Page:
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Kahekili Marine Managed Area to hold birthday bash Saturday

By Staff | Jul 21, 2011

KAANAPALI — The Kaanapali Makai Watch program will host a birthday party and outreach event for the Kahekili Herbivore Fisheries Management Area (KHFMA) on Saturday, July 23.

The event is set for 9 a.m. to 2 p.m. at Kahekili Beach Park in Kaanapali.

July marks the second anniversary of the establishment of this innovative Marine Managed Area.

This family friendly event will feature activities, information and demonstrations throughout the day for residents and visitors alike.

Participants will learn about the coral reef ecosystem, water quality, fishing and the KHFMA, and opportunities to get more involved with the Kaanapali Makai Watch program and collaborating organizations and agencies.

There will also be a scavenger hunt with a coral reef and herbivore theme. Prizes will be distributed through a raffle of the participants.

According to Luna Kekoa, Kaanapali Makai Watch coordinator and NOAA Coral Fellow, “like a child of two years, this herbivore area needs support and care from the community to allow our precious resources to replenish and provide for our future generations.”

Liz Foote, Coral Reef Alliance field manager and Kaanapali Makai Watch co-coordinator, added, “It’s not every day that we throw a birthday party for a place. This particular place is special, and this event will be a great opportunity for people to learn more about the site, get involved with some citizen science efforts like reef surveys and water quality monitoring, and participate in some hands-on cultural activities like lauhala weaving and throw net practice.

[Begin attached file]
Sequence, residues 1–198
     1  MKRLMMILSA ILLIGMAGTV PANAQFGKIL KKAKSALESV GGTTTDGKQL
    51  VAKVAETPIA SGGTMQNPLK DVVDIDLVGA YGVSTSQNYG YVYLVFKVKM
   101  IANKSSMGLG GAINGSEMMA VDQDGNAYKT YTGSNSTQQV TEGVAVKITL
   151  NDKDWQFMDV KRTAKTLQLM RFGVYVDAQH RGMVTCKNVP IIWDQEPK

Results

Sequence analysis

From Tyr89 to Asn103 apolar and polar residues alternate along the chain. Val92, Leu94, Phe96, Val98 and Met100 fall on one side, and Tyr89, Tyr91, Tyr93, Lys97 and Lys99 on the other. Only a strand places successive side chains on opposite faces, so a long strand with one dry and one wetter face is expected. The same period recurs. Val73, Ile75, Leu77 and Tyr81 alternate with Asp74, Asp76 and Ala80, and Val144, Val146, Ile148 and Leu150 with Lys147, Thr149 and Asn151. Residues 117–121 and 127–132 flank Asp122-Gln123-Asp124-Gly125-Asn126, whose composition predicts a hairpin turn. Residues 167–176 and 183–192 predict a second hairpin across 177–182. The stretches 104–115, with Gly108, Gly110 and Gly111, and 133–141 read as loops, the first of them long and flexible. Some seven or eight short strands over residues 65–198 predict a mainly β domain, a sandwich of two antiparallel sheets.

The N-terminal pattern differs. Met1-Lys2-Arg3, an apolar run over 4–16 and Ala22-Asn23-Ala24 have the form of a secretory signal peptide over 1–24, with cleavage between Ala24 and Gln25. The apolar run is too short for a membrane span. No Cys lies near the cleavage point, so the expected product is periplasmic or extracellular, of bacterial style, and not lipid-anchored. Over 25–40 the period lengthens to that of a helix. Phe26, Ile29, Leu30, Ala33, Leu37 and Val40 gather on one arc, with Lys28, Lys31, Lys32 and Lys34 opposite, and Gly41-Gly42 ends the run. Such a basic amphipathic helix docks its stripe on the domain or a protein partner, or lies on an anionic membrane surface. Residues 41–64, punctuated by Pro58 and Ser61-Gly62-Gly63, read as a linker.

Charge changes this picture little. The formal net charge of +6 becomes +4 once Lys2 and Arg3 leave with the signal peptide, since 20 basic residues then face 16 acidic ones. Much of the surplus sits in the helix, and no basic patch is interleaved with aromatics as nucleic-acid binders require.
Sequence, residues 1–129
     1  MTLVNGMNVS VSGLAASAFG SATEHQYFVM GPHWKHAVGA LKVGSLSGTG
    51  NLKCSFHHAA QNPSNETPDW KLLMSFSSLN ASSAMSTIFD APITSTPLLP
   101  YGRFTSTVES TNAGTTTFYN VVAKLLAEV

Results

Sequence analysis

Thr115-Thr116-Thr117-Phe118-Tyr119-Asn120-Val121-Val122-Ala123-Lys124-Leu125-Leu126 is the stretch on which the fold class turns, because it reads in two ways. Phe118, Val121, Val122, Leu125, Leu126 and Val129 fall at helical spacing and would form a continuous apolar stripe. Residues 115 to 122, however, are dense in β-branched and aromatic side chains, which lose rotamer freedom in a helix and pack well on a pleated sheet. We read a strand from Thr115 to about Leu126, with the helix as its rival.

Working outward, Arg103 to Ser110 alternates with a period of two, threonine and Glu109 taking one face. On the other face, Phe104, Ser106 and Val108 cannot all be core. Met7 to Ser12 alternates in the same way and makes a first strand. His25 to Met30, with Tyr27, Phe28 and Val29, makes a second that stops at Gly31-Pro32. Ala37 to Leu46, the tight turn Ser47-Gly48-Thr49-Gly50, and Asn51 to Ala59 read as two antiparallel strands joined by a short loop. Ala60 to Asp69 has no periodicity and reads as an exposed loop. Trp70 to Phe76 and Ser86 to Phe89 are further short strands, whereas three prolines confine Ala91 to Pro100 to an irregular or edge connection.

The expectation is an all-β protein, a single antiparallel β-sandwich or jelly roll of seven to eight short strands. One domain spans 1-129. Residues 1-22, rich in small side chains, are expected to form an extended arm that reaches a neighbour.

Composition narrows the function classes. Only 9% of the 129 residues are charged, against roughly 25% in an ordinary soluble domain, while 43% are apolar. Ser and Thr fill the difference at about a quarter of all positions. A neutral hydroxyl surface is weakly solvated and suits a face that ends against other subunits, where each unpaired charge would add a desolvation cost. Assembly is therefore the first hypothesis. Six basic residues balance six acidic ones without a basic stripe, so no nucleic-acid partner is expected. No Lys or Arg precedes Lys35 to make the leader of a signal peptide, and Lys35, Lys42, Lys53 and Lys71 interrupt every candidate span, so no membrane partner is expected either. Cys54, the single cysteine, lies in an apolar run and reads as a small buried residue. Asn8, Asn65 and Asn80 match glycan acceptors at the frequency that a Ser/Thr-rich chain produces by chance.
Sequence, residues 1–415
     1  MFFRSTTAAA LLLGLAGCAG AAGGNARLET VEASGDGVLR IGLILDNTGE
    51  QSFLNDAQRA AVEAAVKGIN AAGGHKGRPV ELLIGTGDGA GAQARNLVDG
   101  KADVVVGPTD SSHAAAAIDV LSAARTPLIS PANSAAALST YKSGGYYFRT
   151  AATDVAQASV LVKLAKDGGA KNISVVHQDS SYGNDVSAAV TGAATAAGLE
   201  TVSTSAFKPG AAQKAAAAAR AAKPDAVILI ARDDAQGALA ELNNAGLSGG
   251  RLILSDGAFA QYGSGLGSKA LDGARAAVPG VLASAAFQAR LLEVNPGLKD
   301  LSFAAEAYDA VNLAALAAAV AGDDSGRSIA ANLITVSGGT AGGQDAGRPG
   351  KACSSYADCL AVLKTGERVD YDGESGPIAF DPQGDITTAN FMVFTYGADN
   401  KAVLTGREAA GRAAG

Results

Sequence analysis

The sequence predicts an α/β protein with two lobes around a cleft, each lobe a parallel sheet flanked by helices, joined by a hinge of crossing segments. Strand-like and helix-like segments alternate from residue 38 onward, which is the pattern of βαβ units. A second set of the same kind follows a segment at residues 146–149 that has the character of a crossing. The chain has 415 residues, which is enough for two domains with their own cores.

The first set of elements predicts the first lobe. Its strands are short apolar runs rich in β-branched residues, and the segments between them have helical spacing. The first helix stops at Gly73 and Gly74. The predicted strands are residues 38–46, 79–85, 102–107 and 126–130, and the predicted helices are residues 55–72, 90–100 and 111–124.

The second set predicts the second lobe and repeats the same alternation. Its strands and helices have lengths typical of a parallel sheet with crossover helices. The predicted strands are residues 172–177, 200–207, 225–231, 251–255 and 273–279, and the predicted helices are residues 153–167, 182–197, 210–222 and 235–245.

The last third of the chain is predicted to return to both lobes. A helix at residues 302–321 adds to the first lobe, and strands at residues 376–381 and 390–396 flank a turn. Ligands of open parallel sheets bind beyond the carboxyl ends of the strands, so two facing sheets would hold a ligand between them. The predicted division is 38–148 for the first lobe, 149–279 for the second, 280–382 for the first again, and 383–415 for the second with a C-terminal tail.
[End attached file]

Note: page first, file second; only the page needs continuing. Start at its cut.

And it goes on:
“We’re also inviting anyone who is interested in volunteering with the Makai Watch program to come help out and observe at our reef education station, which could be the start of weekly or monthly opportunities to help with outreach onsite. Plus, it’s the 11th Great Annual Fish Count, so we’ll have materials on-hand and will train people how to do a REEF survey.

State Division of Aquatics Resources Special Projects Manager and Kaanapali Makai Watch Co-Coordinator Darla White oversees a community-based reef monitoring program in support of the KHFMA and regularly offers opportunities for volunteers to get involved and learn the survey methods.

Saturday’s event will be a chance for attendees to find out how they can help support local resource management and make a difference through citizen science.

White said the “Kahekili Herbivore FMA is the first-of-its-kind management strategy using fisheries management as a means to increase reef resiliency and reduce reef decline.

“This reef has seen a dramatic decline in coral over the past 15 years, but there is still hope for recovery. Herbivorous fish populations will increase naturally with the new protections and help to eat the algae that are out-competing corals in the face of high nutrient inputs into the area. These fish will also grow to be larger and more valuable reproducers, contributing exponentially more eggs with higher survivability to the local reefs.”

The Kaanapali Makai Watch program continues to seek volunteers to assist with general opportunities in biological and human use monitoring, as well as education and outreach. Contact Kekoa at edward.l.kekoa@hawaii.gov or Foote at Lfoote@coral.org, call 669-9062 or follow the program on Facebook at www.facebook.com/kaanapalimakaiwatch.